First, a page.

Foxconn Technology Group has challenged the state’s decision earlier this month to refuse the Taiwan-based company’s application for state tax subsidies for work taking place on the southeastern Wisconsin facility.
In a letter sent Friday to Wisconsin Economic Development Corp., Foxconn attorney Robert Berry said “of significant concern is the WEDC’s position regarding material terms and timelines.”
On Oct. 12, WEDC told Foxconn it had been denied billions of dollars in state tax credits until officials with the company come to the table to draw up a new contract. The company was told late last year it would not receive subsidies until a new agreement was reached.
“Despite frustrations and disappointment with WEDC’s decision and the method chosen by the WEDC to inform the Recipients of its determination, it is the Recipients’ intention to continue to work with the WEDC in good faith to resolve this disagreement within the next 30 days in a manner that benefits interested parties, including Racine County and the Village of Mount Pleasant,” Berry said.
WEDC Secretary Melissa Hughes said in a statement Friday the state has received Foxconn’s letter, but has not received the basis for the company’s objection.
“Once Foxconn is able to detail the scope and nature of its evolved project, WEDC stands ready to work on crafting a new agreement that balances the company’s needs with the interests of Wisconsin taxpayers,” Hughes said.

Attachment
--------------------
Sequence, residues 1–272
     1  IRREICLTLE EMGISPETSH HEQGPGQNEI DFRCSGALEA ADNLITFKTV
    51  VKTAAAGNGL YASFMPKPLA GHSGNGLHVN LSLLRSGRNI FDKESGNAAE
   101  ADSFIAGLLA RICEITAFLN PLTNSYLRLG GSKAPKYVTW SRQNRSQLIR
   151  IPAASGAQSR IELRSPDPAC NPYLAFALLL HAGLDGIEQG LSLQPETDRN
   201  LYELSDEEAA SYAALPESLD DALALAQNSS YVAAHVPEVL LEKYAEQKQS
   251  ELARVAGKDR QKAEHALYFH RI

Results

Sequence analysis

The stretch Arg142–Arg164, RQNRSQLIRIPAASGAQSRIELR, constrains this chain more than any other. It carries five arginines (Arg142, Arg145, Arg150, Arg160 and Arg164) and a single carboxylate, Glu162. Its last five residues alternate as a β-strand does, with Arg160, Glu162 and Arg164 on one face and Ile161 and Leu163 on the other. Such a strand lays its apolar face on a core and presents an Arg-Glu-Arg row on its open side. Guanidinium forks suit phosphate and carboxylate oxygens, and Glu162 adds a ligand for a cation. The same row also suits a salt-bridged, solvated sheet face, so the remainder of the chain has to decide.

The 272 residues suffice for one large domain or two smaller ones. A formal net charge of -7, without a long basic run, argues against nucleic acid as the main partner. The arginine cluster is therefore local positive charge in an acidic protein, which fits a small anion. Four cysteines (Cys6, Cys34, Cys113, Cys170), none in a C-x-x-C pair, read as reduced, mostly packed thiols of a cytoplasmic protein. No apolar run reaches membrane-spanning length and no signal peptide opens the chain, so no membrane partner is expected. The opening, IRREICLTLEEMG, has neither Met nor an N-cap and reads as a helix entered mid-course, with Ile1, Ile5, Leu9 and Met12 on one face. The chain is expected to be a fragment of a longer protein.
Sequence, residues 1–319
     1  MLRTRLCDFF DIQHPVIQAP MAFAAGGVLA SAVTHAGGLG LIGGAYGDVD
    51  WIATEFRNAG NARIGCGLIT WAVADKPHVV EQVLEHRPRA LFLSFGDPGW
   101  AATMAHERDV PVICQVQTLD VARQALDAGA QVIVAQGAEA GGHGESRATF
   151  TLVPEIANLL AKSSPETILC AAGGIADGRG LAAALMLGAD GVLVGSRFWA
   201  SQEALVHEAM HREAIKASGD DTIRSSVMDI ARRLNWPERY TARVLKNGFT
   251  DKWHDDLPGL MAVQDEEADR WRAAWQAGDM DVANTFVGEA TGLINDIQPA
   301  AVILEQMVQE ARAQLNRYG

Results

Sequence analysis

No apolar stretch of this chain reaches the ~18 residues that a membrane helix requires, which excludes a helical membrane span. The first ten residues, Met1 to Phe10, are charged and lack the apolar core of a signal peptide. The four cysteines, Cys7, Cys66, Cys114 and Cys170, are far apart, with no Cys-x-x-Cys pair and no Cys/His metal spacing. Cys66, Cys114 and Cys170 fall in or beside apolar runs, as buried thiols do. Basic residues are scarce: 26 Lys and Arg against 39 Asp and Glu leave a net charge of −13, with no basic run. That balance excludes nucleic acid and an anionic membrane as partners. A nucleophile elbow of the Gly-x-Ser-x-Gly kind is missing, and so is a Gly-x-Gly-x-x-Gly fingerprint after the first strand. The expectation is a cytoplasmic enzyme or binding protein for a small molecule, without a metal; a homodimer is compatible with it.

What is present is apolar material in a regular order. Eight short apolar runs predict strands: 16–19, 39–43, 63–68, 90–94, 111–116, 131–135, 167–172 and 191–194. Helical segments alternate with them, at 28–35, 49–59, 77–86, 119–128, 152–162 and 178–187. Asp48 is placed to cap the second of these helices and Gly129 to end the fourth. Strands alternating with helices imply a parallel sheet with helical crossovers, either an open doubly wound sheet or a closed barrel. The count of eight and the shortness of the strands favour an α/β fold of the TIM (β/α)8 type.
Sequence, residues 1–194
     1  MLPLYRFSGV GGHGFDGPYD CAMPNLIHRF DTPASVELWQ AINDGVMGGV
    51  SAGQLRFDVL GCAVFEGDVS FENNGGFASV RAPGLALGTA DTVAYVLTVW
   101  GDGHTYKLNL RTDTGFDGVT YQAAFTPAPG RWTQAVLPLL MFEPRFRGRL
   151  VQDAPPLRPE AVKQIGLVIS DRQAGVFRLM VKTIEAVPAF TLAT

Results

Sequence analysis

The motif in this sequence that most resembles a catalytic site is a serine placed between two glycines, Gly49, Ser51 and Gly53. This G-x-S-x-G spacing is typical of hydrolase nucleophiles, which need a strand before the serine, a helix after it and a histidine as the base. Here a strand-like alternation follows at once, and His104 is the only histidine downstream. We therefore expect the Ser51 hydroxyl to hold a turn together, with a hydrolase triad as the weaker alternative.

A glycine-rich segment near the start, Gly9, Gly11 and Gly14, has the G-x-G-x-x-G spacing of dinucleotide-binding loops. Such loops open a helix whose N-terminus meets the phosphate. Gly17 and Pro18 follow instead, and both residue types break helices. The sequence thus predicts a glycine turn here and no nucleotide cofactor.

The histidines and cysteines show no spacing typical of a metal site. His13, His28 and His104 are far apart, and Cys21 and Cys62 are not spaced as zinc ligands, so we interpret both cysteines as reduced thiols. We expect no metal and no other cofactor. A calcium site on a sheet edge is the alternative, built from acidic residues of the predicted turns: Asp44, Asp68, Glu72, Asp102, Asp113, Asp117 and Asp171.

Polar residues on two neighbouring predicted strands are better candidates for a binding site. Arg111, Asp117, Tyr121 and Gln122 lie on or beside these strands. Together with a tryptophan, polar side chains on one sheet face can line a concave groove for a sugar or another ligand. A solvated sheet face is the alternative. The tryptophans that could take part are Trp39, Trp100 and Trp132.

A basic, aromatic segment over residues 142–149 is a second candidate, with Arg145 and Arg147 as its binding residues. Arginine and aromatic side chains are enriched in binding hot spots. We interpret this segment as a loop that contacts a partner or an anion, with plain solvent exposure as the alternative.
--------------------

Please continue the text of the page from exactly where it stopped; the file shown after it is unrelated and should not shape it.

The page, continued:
This year would have marked the state’s first payment of refundable tax credits to Foxconn. The company fell 82 jobs short of the minimum required to claim state tax credits in 2018.
Foxconn said it created more than 800 jobs in 2019, above the 520 minimum needed for state subsidies. Under the contract the goal was to have 2,080 full-time jobs and more than $3.3 billion in capital expenditures by the end of 2019. Foxconn’s jobs report this summer also identified more than $415 million in capital investments — a considerable difference from the $280 million reported by Foxconn in April.
WEDC reported earlier this month that only 281 of Foxconn’s reported jobs had been verified as eligible and the company had invested roughly $300 million in capital expenditures.
Regardless of how many jobs Foxconn has created, state officials have said tax subsidies agreed to in the original contract are tied to jobs and capital investment for specific projects, which Foxconn is failing to deliver. Foxconn’s contract calls for a Generation 10.5 facility that would build larger panels for TV screens, but the project has downsized to Generation 6, which would manufacture small screens for mobile phones, tablets, notebooks and wearable devices.
Under the contract, signed in 2017 by former Gov. Scott Walker, Foxconn would earn incentives totaling as much as $3 billion over 15 years if the company reached the 13,000-employee benchmark and made a $10 billion capital investment in the state.
State and Foxconn officials have been discussing possible amendments to the existing contract, but so far an agreement has not been reached.
Foxconn founder Terry Gou said earlier this month the company remains committed to the project, but added that “Foxconn will work as a partner with those who treat the company as a partner.”
Wisconsin has not yet given the company any tax subsidies, but a recent state estimate shows that the Foxconn project has cost the state nearly $237 million so far in state and local road improvements, sales and use tax exemptions, grants to local governments and for worker training and employment.
Foxconn officials have estimated that the company has invested $750 million in the state.
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